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Nurses Across Borders: Foregrounding International Migration in Nursing History

Nurses Across Borders: Foregrounding International Migration in Nursing History <p>Although the international migration of nurses has played a formative role in increasing the racial and ethnic diversity of the health care labor force, nursing historians have paid very little attention to the theme of international migration and the experiences of foreign-trained nurses. A focus on international migration complements two new approaches in nursing history: the agenda to internationalize its frameworks, and the call to move away from “great women, great events” and toward the experiences of “ordinary” nurses. This article undertakes a close reading of the life and work of Filipino American nurse Ines Cayaban to reconceptualize nursing biography in an international framework that is attentive to issues of migration, race, gender, and colonialism. It was a Hannah keynote lecture delivered by the author on June 5, 2008, as part of the CAHN/ACHN (Canadian Association for the History of Nursing/Association Canadienne pour l’Histoire du Nursing) International Nursing History Conference.</p> http://www.deepdyve.com/assets/images/DeepDyve-Logo-lg.png Nursing History Review Springer Publishing

Nurses Across Borders: Foregrounding International Migration in Nursing History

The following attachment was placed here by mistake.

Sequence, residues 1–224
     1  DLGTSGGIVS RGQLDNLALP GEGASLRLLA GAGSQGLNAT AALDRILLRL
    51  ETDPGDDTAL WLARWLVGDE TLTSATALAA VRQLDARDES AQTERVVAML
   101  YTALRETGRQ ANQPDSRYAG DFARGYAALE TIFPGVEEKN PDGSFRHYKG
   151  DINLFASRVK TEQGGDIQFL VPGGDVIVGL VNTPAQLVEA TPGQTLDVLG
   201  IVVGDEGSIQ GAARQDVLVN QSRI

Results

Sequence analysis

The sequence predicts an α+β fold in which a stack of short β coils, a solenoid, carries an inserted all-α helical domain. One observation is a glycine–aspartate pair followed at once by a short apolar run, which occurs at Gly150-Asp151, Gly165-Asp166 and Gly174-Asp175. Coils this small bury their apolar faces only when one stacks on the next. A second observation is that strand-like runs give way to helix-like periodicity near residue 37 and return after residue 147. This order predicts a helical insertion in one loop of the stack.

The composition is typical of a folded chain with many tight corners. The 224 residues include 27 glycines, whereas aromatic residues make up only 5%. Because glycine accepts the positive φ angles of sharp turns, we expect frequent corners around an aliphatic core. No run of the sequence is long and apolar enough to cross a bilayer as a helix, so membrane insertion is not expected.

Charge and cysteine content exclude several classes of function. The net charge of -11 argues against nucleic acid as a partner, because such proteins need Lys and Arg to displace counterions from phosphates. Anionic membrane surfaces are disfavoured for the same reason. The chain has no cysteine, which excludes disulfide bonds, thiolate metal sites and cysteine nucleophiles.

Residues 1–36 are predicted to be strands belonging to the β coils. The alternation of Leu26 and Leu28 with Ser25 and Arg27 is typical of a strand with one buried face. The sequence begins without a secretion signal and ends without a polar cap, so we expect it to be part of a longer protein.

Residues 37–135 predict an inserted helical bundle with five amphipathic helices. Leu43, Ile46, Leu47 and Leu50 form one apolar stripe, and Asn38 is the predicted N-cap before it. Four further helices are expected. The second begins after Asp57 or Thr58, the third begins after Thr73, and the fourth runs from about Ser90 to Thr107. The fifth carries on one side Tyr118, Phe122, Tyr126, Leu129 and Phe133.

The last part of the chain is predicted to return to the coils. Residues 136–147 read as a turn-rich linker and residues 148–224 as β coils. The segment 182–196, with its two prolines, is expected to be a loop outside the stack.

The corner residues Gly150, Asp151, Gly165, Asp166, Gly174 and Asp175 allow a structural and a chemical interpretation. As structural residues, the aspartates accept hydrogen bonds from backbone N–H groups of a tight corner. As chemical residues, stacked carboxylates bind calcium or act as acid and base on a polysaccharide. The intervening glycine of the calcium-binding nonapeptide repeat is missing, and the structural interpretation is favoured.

Nursing History Review , Volume 18 (1): 17 – Jan 1, 2010

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Publisher
Springer Publishing
ISSN
1062-8061
eISSN
1938-1913
DOI
10.1891/1062-8061.18.12
Publisher site
See Article on Publisher Site

Abstract

<p>Although the international migration of nurses has played a formative role in increasing the racial and ethnic diversity of the health care labor force, nursing historians have paid very little attention to the theme of international migration and the experiences of foreign-trained nurses. A focus on international migration complements two new approaches in nursing history: the agenda to internationalize its frameworks, and the call to move away from “great women, great events” and toward the experiences of “ordinary” nurses. This article undertakes a close reading of the life and work of Filipino American nurse Ines Cayaban to reconceptualize nursing biography in an international framework that is attentive to issues of migration, race, gender, and colonialism. It was a Hannah keynote lecture delivered by the author on June 5, 2008, as part of the CAHN/ACHN (Canadian Association for the History of Nursing/Association Canadienne pour l’Histoire du Nursing) International Nursing History Conference.</p>

Journal

Nursing History ReviewSpringer Publishing

Published: Jan 1, 2010

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